Thomas Calhoun Walker was too young to know the difference when the Civil War brought him freedom.
But even as an illiterate kid growing up in rural Gloucester during the 1870s, he knew his elders' annual readings of the Emancipation Proclamation at the old courthouse auction block merely marked the beginning of another struggle.
Years passed before the short, stocky lad with the gift of gab finally escaped his life of toil and talked his way into Hampton Institute, where his refusal to be rejected after failing the entrance exam led the school to found a pioneering work-study program.
More time passed after he graduated in 1883, during which he not only taught at an early black school but also persuaded two old Confederate officers to give him the instruction he needed to become one of Virginia's first African-American lawyers.
In the decades that followed, Walker pressed so persistently and effectively for black advancement that he made Gloucester a leader in African-American education and landownership.
He also earned acclaim as a defense lawyer in several cases of alleged black-on-white rape, first blunting the threats of white lynch mobs with a band of armed black men, then escorting his clients to jail before standing up in court to ensure — through his acknowledged mastery of the law — that they received an equal share of justice.
Even in the last years before his death in 1953 at age 91, Walker cast a long shadow, promoting his doctrine of African-American "roots, rights and responsibility" at every chance ranging from the church pulpit to the street corner.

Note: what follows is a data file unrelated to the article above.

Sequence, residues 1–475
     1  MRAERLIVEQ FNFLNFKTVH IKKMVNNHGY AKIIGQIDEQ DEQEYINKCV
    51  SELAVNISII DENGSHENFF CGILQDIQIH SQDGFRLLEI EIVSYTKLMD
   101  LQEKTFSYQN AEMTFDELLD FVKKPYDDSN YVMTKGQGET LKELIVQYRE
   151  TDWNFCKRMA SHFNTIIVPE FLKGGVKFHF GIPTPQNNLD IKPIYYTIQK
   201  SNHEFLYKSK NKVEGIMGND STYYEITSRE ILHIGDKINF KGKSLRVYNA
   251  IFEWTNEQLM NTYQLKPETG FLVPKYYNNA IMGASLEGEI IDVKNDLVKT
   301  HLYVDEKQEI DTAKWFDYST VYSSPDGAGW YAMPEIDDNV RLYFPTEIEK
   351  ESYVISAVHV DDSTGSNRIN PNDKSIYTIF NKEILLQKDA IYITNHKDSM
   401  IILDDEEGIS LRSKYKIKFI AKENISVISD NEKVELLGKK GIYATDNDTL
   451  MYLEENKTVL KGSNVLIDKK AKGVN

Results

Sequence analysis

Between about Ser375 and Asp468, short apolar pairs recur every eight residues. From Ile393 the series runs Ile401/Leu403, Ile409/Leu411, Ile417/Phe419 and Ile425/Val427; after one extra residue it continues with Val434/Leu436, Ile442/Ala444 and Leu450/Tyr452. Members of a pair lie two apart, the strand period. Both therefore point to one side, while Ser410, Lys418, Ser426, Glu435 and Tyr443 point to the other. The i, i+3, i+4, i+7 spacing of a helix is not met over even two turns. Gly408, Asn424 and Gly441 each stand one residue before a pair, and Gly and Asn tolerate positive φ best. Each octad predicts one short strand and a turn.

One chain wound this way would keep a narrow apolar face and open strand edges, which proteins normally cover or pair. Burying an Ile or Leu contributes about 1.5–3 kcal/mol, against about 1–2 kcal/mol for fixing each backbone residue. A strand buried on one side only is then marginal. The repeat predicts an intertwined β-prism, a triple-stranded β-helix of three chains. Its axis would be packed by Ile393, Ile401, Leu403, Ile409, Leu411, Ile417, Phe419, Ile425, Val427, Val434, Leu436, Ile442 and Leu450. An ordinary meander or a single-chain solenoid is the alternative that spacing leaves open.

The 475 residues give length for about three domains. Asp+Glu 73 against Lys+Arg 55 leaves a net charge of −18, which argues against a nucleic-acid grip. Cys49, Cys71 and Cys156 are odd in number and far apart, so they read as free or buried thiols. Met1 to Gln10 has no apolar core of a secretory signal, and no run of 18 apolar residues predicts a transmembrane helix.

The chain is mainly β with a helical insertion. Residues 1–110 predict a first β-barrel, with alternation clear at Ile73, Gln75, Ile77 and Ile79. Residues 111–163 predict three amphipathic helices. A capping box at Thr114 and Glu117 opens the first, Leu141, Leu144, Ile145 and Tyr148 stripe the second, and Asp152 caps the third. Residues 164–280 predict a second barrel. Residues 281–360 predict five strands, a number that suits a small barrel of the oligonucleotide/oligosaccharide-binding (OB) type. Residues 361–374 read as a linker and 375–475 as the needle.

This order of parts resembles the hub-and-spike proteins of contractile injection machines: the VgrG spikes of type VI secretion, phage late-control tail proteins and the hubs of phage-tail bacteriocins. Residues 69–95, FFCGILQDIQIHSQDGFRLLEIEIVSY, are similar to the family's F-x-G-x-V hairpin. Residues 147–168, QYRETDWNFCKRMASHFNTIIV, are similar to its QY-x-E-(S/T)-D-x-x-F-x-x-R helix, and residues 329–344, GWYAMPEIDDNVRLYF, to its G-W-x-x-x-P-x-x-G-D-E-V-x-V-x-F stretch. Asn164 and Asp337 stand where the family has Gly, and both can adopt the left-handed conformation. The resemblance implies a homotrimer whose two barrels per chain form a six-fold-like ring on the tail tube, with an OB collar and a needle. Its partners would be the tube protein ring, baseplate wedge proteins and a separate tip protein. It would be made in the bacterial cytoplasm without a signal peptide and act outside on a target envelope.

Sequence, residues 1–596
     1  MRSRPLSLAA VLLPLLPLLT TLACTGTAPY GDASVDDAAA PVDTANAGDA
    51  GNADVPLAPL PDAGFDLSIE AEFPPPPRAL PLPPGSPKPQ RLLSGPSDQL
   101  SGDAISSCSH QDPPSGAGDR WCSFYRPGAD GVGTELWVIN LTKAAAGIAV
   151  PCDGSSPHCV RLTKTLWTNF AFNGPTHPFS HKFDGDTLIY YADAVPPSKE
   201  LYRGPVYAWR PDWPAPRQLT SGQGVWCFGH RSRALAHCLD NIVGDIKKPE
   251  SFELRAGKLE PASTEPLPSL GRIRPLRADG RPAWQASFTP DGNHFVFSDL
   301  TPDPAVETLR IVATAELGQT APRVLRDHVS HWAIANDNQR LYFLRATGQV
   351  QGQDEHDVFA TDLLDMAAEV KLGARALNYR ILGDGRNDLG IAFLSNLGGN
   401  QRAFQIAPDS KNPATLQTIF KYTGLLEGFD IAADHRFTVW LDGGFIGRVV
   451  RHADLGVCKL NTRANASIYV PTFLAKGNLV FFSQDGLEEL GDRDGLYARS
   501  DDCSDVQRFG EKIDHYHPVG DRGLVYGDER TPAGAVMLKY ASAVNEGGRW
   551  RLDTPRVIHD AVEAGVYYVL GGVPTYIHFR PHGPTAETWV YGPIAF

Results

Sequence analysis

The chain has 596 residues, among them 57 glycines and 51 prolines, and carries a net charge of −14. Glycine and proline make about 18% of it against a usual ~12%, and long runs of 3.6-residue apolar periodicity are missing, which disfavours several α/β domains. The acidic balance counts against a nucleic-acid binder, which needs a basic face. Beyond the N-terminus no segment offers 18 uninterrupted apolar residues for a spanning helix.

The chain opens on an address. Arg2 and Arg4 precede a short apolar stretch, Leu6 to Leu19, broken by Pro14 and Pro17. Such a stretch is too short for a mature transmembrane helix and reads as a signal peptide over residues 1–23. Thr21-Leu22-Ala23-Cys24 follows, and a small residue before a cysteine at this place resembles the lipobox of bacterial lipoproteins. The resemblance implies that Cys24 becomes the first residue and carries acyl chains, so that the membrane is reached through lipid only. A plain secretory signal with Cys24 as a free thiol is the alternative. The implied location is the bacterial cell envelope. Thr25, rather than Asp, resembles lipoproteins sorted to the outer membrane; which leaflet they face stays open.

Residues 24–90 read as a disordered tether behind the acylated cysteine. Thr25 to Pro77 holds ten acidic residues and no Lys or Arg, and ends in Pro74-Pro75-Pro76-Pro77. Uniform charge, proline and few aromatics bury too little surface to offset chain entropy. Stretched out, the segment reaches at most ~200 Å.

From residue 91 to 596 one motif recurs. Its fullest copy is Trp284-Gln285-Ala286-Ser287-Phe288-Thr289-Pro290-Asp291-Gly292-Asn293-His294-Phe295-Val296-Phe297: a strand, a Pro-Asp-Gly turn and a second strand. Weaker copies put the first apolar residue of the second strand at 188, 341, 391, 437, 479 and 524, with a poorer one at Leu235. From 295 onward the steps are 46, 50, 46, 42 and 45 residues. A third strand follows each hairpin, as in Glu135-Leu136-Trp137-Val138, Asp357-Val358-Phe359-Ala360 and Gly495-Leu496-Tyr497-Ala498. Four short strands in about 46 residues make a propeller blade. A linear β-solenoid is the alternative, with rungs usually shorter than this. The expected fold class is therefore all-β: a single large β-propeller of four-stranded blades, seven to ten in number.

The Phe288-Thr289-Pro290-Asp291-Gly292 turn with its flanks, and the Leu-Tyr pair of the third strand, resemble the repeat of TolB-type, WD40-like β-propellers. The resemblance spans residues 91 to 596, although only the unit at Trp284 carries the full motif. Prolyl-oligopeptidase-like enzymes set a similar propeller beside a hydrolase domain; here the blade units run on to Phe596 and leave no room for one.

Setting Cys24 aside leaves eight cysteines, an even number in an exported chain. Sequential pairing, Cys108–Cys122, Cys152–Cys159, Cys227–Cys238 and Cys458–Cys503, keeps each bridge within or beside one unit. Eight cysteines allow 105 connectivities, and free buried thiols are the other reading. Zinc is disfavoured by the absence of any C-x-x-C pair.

"He always had an influence on people here," says retired Gloucester educator and historian Dorothy C. Cooke, whose childhood memories include some of the many Sunday morning self-improvement lectures Walker delivered at Bethel Baptist Church.
"He would get up every Sunday to have his say, encouraging folks to buy land and get an education. Then he'd collar you and tell you again if he met you walking down the street."
Determined to learn
Born into a family divided by slavery, Walker was spirited away to the Blue Ridge Mountains with his mother and siblings during the war so they couldn't be freed by Yankee raiders.
Not until the conflict ended did his father find his lost clan and bring them back to Gloucester.
There, Walker began working at age 10 to help support seven other children. Though he tried to attend one of the county's early black schools while toiling alongside his father on the farm and in the masonry and plasterwork trades, he still couldn't read or write after several years of sporadic education.
"He always wanted to go to school, but every time he started, his father would pull him out and put him to work," Cooke says.
"He also was so small he had a hard time walking as far as he had to walk. So even when he could go, it just didn't work."
Not until turning 18 in 1880 did Walker finally defy his father, pocket the $2.25 he had struggled to save and set out on the 14-mile trek to Gloucester Point and the ferry ride to Hampton.
He might not have made it without his father's change of heart, which convinced the senior Walker to catch up and give his tired son a buggy ride. Still more formidable was the hurdle the young man faced after arriving at Hampton Institute and failing his entrance exam.
"He still couldn't read or write. So they told him to go home. But he came up with a plan," Cooke says.
"He was determined to stay, and he told them, 'We came to get an education, and we're not going to leave until we get it.' That was how Hampton's work-study program began."
Working by day and studying under Booker T. Washington at night, Walker made up his lost time so quickly that he was able to graduate in 1883. So distinguished did he become for his quick wit, determination and scholastic achievement that teacher Helen Ludlow celebrated her plucky student in verse.